I think the one thing that digital has done is that during shooting, 90 per cent of the image is there, I’m talking of information not the final grade. So the director, provided he is somebody with visual understanding, you can jam with him. He sees the shot and it’s like ‘acha yaar aisa karein to kaisa lagega’ that space was not there earlier. For example there was scene in Ghanchakkar or even in Kahaani where this guy who is with a torch at night, I’m shooting 500 ASA pushed one stop at 1.4 plus on a master prime, the monitor is showing mainly noise, the director is in panic, “chapega ke nahi ..?” I had to shoot it on 5D and show it to him, “Yaar dekh ye aisa dikhne wala hai…” are you okay with it? So provided that the director is somebody who wants to engage, which Abhishek is, he will now schedule so that we can get the right look/light, he has done it on number of occasions
AM: His strength is writing, particularly dialogue writing, I was wondering if that kind of person invests in cinematographer’s process?
He does, he is very very into ‘what is the image like’. We discussed a lot but there was no referencing. We never had any film as a reference. He said, I don’t believe in references, I said nor do I. Our ‘Look’ conversations started on the first day of recce.
Abhishek Chaubey, Director, Dedh Ishkiya on Setu and the film:
“Working with Setu has been an absolute pleasure in every way possible. There has been a great amount of understanding between us and I believe that it reflects in our work in the film. As is usual, we had very little time to prep and had to rely a lot on our instinct. We did spend time thrashing the script and instead of working out a detailed shot breakdown sort of treatment, worked more towards understanding the moments and the piece as a whole. We deliberately avoided an overarching treatment formula or concept; instead focusing on the need of the scene. Therefore, we have sequences treated on slow dolly movements immediately followed by gritty handheld style. A scene lit soft and warm, it’s effect soothing and nostalgic followed by an ominous situation that looks dark and high in contrast. In some ways Dedh Ishqiya is about contrasting moods and spaces and Setu understood this fully.”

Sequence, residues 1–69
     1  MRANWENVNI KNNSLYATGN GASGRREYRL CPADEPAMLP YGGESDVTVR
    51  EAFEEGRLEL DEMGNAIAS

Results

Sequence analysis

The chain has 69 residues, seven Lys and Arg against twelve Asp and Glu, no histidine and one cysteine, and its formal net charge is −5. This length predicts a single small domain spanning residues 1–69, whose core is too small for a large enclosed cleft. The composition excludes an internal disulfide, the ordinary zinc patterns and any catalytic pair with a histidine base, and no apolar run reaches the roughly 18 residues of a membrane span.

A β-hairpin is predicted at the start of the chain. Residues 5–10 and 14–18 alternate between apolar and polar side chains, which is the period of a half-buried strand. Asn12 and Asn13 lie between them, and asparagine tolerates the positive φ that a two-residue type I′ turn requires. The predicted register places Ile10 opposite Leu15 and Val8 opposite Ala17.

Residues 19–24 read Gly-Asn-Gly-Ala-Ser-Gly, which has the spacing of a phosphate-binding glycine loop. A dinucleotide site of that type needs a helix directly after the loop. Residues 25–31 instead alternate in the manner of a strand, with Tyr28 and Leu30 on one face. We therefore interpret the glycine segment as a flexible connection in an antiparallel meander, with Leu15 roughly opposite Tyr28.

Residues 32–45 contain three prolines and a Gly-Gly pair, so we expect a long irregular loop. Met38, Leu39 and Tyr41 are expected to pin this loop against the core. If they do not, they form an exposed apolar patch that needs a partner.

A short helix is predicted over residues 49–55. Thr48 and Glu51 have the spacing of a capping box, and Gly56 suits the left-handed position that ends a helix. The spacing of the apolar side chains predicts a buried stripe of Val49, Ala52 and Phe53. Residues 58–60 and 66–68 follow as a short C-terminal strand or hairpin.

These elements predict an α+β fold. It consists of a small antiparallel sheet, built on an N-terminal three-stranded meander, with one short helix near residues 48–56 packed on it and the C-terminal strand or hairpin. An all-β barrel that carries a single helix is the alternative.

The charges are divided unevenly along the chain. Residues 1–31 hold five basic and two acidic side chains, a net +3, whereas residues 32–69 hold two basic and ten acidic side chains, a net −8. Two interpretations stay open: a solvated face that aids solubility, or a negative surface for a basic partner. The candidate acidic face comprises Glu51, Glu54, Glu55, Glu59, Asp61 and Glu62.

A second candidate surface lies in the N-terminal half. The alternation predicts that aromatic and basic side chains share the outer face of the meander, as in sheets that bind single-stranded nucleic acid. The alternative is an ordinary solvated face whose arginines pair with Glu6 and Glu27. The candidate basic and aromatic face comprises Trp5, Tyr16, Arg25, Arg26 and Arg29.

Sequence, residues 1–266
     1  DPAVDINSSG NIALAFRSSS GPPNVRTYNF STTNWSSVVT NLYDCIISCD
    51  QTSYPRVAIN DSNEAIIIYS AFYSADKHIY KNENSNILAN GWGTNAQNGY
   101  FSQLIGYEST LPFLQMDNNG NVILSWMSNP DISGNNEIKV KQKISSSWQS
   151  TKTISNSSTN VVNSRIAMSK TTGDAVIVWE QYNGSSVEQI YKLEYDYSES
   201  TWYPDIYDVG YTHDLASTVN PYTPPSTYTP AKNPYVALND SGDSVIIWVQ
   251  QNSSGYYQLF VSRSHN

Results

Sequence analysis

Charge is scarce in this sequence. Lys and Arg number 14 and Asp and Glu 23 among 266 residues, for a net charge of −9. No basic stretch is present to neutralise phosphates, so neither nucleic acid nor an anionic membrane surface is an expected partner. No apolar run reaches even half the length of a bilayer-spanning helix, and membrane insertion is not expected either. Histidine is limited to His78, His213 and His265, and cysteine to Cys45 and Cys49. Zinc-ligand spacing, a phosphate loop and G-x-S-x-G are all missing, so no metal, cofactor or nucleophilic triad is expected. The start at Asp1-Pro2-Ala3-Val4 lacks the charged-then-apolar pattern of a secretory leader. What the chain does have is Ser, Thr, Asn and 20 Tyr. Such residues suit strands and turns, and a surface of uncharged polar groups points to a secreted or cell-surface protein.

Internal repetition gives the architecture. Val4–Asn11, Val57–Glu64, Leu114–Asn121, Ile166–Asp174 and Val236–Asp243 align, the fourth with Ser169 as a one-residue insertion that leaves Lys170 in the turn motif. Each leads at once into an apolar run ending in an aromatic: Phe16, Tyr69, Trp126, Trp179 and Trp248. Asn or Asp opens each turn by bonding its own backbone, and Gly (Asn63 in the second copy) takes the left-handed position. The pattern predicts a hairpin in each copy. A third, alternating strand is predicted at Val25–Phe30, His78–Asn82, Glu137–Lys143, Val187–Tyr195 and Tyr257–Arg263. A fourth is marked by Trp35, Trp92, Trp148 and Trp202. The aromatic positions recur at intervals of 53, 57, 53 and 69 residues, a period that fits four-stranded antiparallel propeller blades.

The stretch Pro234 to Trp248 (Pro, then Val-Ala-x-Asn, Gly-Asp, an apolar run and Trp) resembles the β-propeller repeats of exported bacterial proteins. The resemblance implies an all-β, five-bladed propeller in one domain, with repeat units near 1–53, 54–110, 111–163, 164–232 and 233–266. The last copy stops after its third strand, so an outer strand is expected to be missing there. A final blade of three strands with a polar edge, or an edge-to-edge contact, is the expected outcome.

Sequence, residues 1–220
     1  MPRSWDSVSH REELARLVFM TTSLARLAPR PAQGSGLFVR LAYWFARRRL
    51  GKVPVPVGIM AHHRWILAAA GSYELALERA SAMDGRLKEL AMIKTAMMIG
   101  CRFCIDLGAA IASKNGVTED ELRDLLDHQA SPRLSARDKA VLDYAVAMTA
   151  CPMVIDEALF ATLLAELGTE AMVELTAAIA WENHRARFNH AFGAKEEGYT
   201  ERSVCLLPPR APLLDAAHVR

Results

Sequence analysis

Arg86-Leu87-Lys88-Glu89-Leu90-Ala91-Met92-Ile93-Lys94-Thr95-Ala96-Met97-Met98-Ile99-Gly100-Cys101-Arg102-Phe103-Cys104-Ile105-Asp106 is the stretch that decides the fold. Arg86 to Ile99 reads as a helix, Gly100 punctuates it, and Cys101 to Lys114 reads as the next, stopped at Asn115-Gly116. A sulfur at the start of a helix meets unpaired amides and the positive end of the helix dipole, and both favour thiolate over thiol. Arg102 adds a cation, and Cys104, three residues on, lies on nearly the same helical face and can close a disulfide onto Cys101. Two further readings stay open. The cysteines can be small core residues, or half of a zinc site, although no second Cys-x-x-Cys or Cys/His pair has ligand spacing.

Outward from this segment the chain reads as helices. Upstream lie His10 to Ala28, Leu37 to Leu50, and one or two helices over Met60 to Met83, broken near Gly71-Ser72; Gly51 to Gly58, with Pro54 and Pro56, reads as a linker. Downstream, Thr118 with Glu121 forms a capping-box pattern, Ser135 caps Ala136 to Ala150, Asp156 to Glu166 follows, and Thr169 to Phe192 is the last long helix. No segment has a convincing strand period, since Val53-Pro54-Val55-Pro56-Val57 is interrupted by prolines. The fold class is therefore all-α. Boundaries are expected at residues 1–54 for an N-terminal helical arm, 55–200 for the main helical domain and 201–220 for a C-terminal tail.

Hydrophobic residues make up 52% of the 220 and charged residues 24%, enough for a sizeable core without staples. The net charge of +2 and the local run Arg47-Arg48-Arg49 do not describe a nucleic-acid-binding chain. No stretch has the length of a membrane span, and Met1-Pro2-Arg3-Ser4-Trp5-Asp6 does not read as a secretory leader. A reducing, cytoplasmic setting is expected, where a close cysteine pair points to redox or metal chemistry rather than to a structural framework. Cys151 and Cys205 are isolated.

“The Cinematographer – Director relationship is the most important relationship on a film set. The creation of the image their single most important job. It helps when they get along as individuals. Setu and I have many things in common. It was great fun jamming with him on set, whether we were discussing dramatic emotions, figuring out lensing for a scene or merely pulling each others’ legs. We tend to do the last one a lot.”
Saurabh: I feel Dedh Ishqiya was two films in a film in terms of style…
Yes, it is. It was more about creating one world into the other. Once you come to the haveli everything changes. That was a conscious decision in terms of style as well as the way it was lit up.
This film was shot for how many days?
It was shot in 55 days and that song took 4/5 days. In all it took 60 days.
Saurabh: Also wanted to ask you, after you finished the film about the projections and outputs…
It was a nightmare. It is worse than the film print days. So many file formats..
Saurabh: Tell us about the deliveries, now every six months there are more number of deliverables…
Exactly, I don’t know if ACES is going to solve the problems.
AM: What was your work flow, your RAW files came to you on the DI suite and you did a 2K master on the Base light or Lustre or Resolve?
I worked on Resolve, 2K Raw, Linear workflow.
AM: Did you encounter any color fringing around the clipping whites, sky meets tree for example
Yes that’s quite irritating, its my first film on digital so I am on the learning curve.
AM: So, what’s next?
Sujoy’s next project with Vidya Balan in Bengal, it’s not going to be Kahaani 2 but will be the same genre.
AM: And you will be shooting on?
I don’t know. Digital may be.
AM: So this thing is irreversible now, is Digital cinematography the way to go..
Not at all, I feel we will still be shooting film for a while.
AM: Any advice for a person who is starting out as a cinematographer in Mumbai.
Don’t watch Indian Television.
AM: Any interesting films you have seen recently?
I enjoyed ‘Ship of Theseus’ that’s was very unusual image making. I really enjoyed it. It was shot Canon 1 D, I think. Another of the joys of shooting long fiction is that 5 minutes into the film and it doesn’t really matter what you originated on, the film creates it’s own experience..